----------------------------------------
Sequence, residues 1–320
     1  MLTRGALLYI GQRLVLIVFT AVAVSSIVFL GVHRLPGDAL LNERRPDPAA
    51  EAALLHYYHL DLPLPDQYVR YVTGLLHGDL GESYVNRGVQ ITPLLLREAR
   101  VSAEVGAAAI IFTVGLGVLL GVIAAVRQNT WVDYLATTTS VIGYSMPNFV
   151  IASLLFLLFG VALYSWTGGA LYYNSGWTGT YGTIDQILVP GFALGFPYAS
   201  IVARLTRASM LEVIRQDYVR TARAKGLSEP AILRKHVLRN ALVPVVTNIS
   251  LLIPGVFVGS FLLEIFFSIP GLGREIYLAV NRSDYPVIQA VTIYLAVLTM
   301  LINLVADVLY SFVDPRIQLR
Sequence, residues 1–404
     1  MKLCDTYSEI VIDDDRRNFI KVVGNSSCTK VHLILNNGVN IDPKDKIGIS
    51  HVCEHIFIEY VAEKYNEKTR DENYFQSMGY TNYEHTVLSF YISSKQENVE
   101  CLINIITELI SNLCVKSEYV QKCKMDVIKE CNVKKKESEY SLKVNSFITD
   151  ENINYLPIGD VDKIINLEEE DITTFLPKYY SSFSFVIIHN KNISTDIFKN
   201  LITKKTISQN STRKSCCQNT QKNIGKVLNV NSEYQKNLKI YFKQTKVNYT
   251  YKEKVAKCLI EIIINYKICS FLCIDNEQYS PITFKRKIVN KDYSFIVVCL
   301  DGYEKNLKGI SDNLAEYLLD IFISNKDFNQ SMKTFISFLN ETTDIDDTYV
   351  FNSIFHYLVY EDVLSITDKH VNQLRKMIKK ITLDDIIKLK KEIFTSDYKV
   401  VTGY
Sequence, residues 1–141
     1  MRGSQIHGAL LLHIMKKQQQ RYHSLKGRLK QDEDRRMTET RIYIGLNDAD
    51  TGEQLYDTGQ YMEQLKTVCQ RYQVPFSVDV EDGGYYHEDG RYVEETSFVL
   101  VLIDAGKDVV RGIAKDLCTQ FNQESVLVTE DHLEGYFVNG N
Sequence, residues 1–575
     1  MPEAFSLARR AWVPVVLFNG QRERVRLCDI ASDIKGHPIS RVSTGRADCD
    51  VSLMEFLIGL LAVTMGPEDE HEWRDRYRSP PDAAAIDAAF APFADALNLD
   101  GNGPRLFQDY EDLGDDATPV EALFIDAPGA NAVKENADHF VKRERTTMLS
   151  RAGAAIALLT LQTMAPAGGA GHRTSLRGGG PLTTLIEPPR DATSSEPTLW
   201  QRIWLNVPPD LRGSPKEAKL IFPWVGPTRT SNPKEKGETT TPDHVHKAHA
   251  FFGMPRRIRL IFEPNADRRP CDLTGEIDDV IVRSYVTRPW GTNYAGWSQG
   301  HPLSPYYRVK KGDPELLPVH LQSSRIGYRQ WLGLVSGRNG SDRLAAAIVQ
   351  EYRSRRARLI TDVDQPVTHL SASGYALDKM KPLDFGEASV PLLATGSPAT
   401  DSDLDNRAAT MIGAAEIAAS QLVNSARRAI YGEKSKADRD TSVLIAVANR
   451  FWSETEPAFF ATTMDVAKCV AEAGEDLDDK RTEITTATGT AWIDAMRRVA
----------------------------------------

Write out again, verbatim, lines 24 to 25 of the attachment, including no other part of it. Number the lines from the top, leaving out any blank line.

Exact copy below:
     1  MPEAFSLARR AWVPVVLFNG QRERVRLCDI ASDIKGHPIS RVSTGRADCD
    51  VSLMEFLIGL LAVTMGPEDE HEWRDRYRSP PDAAAIDAAF APFADALNLD